Adding to the Daily Grind

Tornado provides the gateway for an Ohio company to expand offerings

Adding to the Daily Grind

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John Ritter is OK with change. He began his career doing plumbing and utility work, segued into directional drilling pipeline projects and, when storm debris led to an opportunity to supply landscape materials, he jumped into that too.

Ritter Plumbing Company dates back to 1950 and was founded in Englewood, Ohio, by Ritter’s father Phillip Ritter II. Almost 30 years later, when John Ritter graduated from high school, he joined his father and brother, Phillip III, in the family business which had moved 10 miles away to Brookville. 

Over time, the company broadened its specialty — repairing and installing underground water and natural gas lines — to include electric conduit and eventually horizontal directional drilling. 

Yet through all the changes, the Ritters have valued their Vermeer equipment, relying on the brand for three decades. Ritter Company purchased 10 HDD units throughout the course of offering the service, all from Vermeer. 

Business was good, but Ritter was ready for a shift. He sold the company to his brother’s son, Phillip Ritter IV, who has since doubled the number of employees to 85. “I didn’t have the desire to expand it at this stage in my career and Phil did.”

Which is not to say the 63-year-old businessman retired to go deer hunting with his grandchildren and otherwise take it easy. Instead, he launched the landscape materials division of the family company and now devotes his energy to building it out — once again with equipment from Vermeer and this time, with added help from storm debris.


In 2019, a Memorial Day tornado ripped through Brookville and set the stage for expansion. Ritter responded to the disaster by letting recovery crews dump uprooted trees on the same property where the soil was piled and it didn’t take long for him to see the opportunity to capitalize on the material.

The company bought a Vermeer HG4000 horizontal grinder and put it to work, reducing the storm debris to 10,000 cubic yards of a coarse mulch product. Since that storm, tree trimmers, landscape companies and land developers regularly rid themselves of everything from brush to logs at Ritter’s.

The mulch side of the business grew and, as it did, the handling of the product became more and more refined and systematized. Currently stockpiled on the property is roughly 7,000 cubic yards of coarsely mulched material.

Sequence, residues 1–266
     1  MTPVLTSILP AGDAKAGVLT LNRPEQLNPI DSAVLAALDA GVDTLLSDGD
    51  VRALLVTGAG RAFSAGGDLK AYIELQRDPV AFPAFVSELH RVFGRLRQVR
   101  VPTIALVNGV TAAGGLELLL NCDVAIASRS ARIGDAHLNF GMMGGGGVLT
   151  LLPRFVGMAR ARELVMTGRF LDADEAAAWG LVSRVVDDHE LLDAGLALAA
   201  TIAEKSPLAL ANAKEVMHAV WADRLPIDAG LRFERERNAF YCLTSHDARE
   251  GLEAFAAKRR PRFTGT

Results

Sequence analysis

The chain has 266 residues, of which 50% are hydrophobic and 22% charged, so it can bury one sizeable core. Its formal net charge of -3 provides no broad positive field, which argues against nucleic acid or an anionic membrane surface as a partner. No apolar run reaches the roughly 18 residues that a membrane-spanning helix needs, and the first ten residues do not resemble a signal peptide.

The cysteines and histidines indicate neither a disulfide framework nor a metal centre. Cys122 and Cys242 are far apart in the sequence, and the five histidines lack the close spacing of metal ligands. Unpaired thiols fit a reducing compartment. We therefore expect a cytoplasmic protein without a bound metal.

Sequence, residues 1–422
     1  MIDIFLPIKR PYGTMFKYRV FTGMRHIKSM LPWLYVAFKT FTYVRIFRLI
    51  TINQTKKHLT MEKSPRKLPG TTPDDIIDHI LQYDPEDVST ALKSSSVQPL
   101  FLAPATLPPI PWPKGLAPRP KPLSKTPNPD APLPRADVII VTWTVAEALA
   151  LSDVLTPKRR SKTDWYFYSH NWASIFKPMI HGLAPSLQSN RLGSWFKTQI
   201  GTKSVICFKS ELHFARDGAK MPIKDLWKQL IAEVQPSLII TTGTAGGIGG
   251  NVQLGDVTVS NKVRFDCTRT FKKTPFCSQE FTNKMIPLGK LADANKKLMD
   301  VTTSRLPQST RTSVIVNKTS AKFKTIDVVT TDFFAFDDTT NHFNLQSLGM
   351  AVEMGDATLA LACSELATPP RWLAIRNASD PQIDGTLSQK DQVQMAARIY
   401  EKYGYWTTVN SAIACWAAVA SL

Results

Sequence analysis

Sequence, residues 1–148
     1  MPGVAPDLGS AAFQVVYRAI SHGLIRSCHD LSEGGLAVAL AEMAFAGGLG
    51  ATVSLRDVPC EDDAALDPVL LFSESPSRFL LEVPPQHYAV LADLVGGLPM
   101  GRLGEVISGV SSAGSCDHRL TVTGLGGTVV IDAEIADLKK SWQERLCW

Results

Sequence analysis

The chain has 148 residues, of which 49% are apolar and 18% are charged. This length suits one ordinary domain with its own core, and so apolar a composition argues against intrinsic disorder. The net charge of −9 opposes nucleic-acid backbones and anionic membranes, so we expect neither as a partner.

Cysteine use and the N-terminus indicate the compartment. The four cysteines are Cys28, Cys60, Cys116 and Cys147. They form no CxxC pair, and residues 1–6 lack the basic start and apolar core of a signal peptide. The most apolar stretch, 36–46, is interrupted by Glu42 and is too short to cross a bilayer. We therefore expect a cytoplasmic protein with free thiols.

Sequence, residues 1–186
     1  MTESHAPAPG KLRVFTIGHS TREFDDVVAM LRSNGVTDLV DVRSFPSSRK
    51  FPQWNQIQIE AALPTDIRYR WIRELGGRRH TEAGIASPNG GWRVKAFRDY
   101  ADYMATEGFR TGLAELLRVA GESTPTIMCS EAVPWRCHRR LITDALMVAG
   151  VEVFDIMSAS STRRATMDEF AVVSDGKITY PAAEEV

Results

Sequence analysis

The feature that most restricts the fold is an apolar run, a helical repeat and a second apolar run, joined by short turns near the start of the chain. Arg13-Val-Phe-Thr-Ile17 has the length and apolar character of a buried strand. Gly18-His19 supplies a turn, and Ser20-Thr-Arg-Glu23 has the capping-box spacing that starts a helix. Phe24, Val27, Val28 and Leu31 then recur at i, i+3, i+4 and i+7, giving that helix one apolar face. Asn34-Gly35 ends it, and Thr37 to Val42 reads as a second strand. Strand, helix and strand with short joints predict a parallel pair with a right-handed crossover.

The HG4000 grinder first processes wood debris by chewing it into roughage, which Ritter calls “first grind.” That material is piled up and remains largely untouched for a year to begin the composting process. Then, different perforated plates are fitted to grinder or trommel to create seven different grades of mulch ranging down to “ultra,” a really fine landscape material.


One issue with piling mulched wood in such quantities is the heat generated by the microbial degeneration of the organic material. While a little heat is wanted, bursting into flame is something else. So, the material periodically is stirred to defuse the heat buildup. 

John Ritter has another plan moving forward. He asked a local plumbing company to lend him a drone so he can get aerial photos of the piled material. He’s looking to friends in the irrigation business for advice on how to create a spray system to discourage combustion. He plans to connect a 3-inch pipe to the city water system, run it 400 feet to the composting piles and erect four towers in strategic places to bombard the mulch with water from above.

“We’re trying to keep the heat down,” he says. “If you get too much heat and spark a fire on a windy day, you have a problem.”


Most of the ground-up wood product is from hardwoods growing in verdant northern Ohio — oaks, maples, ash. 

The company continues to develop efficiencies in its operation. To help quickly move either “first grind” or finished mulch product to a respective pile, Ritter bought an 80-foot Vector VT80 conveyor. To protect its topsoil from the elements over the coming winter, he erected a 60-foot-by-120-foot domed structure that rests on 6-foot-high cement-block foundations. The conveyor can deposit a pyramid of soil 30 feet high under the dome.

“We can put 2,500 cubic yards of soil under that roof, have it here all winter and be ready for customers in the spring,” he says. A wheel loader moves the protected topsoil around under the roof as needed and, come spring, will feed the conveyor or dump the rich soil into backed-in quad-axle dump trucks.

One thing for sure, the company is not likely to run out of organic debris to mulch, Ritter says. The current breakdown of business volume is 40% mulch, 40% topsoil and the other 20% is sand and gravel. Customers are property owners, landscape companies and small contractors. “It’s getting harder for homeowners who need just a yard or two of gravel to get into gravel pits. They can buy it from me.”

Ritter and two yard employees can operate the user-friendly Vermeer screening and grinding machines. “They are specialty-enough machines that it’s not like getting on a backhoe or something,” Ritter says, “but the remote controls for each machine are somewhat the same. It’s easy to push the automatic button, dump in material and let it do its work.”

Realizing an opportunity when tornado debris was dropped on his property and utilizing the right equipment, Ritter brought a whole new segment of income to the family business. Storms leave debris, but it doesn’t have to be waste.


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